Take just as much care with the cases that support your arguments. Read the cases you rely on in their entirety. Sometimes lawyers include partial quotations excerpted from a case, but when I or my law clerks examine the quotation in context, it turns out the case stands for a different proposition altogether. Even worse, on occasion, the holding in the case actually goes against the lawyer’s position. Make sure when you cite a case for a particular legal proposition that it actually stands for what you say it does. If authorities are miscited or appear to be quoted in a misleading fashion, this detracts from the persuasiveness of your arguments and undermines your credibility in the eyes of the court.

Other mistakes in motion practice can be equally detrimental to your credibility. It is surprising how often attorneys cite summary judgment cases when briefing a motion to dismiss. A motion to dismiss under Rule 12(b)(6) requires the court to assess whether the allegations in the complaint are sufficient to state a claim. Under the Iqbal/Twombly standard, a complaint must have sufficient nonconclusory factual allegations supporting a claim to raise a plausible inference that the plaintiff is entitled to relief. On a motion for summary judgment under Rule 56, on the other hand, the court must determine whether the moving party has demonstrated by admissible evidence that there is no disputed issue of material fact that warrants a trial.

Whether lawyers deliberately or inadvertently misunderstand the legal standard for the motion they are addressing, it raises questions in the judge’s mind. Does the lawyer not know that a different legal standard applies? Or does the lawyer think the court won’t notice the difference? Neither circumstance inspires trust and believability in the lawyer’s advocacy.

Do not include new arguments in a reply that you did not raise in the opening brief. Unless the opposing party requests—and the court grants—leave to file a surreply, they will have no opportunity to address the new arguments.

Finally, nothing diminishes a lawyer’s credibility like briefing that includes ad hominem attacks on opposing counsel and comments in ALL CAPS. I read the brief and feel like the lawyer is shouting at me. No matter how obstreperous opposing counsel may be, take the high ground. Stick to the issues.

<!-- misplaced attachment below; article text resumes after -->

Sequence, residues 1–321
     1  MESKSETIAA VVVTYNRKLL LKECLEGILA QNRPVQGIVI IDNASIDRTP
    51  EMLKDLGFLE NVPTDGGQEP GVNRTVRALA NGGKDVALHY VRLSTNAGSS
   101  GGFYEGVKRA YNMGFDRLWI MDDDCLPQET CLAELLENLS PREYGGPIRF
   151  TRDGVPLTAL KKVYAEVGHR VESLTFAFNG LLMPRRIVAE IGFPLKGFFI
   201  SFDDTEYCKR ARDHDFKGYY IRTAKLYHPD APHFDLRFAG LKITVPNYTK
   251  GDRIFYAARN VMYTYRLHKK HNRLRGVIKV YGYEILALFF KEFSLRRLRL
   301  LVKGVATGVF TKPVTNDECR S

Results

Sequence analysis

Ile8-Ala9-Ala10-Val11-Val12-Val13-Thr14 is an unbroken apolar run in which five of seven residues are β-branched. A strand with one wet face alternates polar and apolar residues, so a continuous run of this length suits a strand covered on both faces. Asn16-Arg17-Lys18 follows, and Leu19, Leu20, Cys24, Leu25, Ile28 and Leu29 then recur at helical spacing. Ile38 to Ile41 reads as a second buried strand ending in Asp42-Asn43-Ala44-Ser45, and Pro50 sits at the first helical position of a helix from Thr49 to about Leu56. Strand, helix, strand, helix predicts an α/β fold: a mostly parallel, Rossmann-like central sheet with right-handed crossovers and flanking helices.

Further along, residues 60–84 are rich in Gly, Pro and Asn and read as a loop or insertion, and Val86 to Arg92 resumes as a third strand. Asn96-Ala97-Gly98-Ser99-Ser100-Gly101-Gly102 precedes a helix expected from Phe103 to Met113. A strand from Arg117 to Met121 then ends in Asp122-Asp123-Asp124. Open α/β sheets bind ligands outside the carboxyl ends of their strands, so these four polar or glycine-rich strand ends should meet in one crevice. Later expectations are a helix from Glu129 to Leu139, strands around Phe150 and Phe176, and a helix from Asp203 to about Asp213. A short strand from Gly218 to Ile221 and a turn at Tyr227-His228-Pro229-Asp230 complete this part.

In Oral Argument

When briefing is complete, the court may hold oral argument or take the matter under submission. If the court holds a hearing, the chance to argue the motion is a crucial opportunity to build credibility with the court. If it is your first appearance before the judge, become familiar with the judge’s courtroom protocol. In federal court, it is customary to stand when addressing the court. You may also need to speak from a lectern rather than from counsel table.

To start, instead of reading from a prepared script, ask the court if it has specific questions or concerns that you should address. Answer the court’s questions directly. If there are weak points in your client’s position that are clear losers, fall on your sword and concede those issues. Avoid colloquies with opposing counsel. Your primary task is to engage with and persuade the court. If you stay focused on that, even if you do not win the argument, you will have enhanced your credibility with the court for the next battle.

Legendary football coach Vince Lombardi supposedly said, “Winning isn’t everything. It’s the only thing.” But in law, just as in sports, you can’t, and won’t, win them all. Losing a motion, oral argument, or even trial is going to happen. Losing your credibility with the court, however, is entirely preventable.


  • Fed. R. Civ. P. 11(b).
  • Fed. R. Civ. P. 12(b)(6).
  • Fed. R. Civ. P. 56.
  • Ashcroft v. Iqbal, 556 U.S. 662 (2009).
  • Bell Atl. Corp. v. Twombly, 550 U.S. 544 (2007).
  • Model Rule of Prof’l Conduct 3.3(a)(2) (Am. Bar Ass’n).
  • David L. Hudson Jr., “Lawyers have a duty to disclose adverse legal authority even if it hurts their case,” ABA J. (June 1, 2019).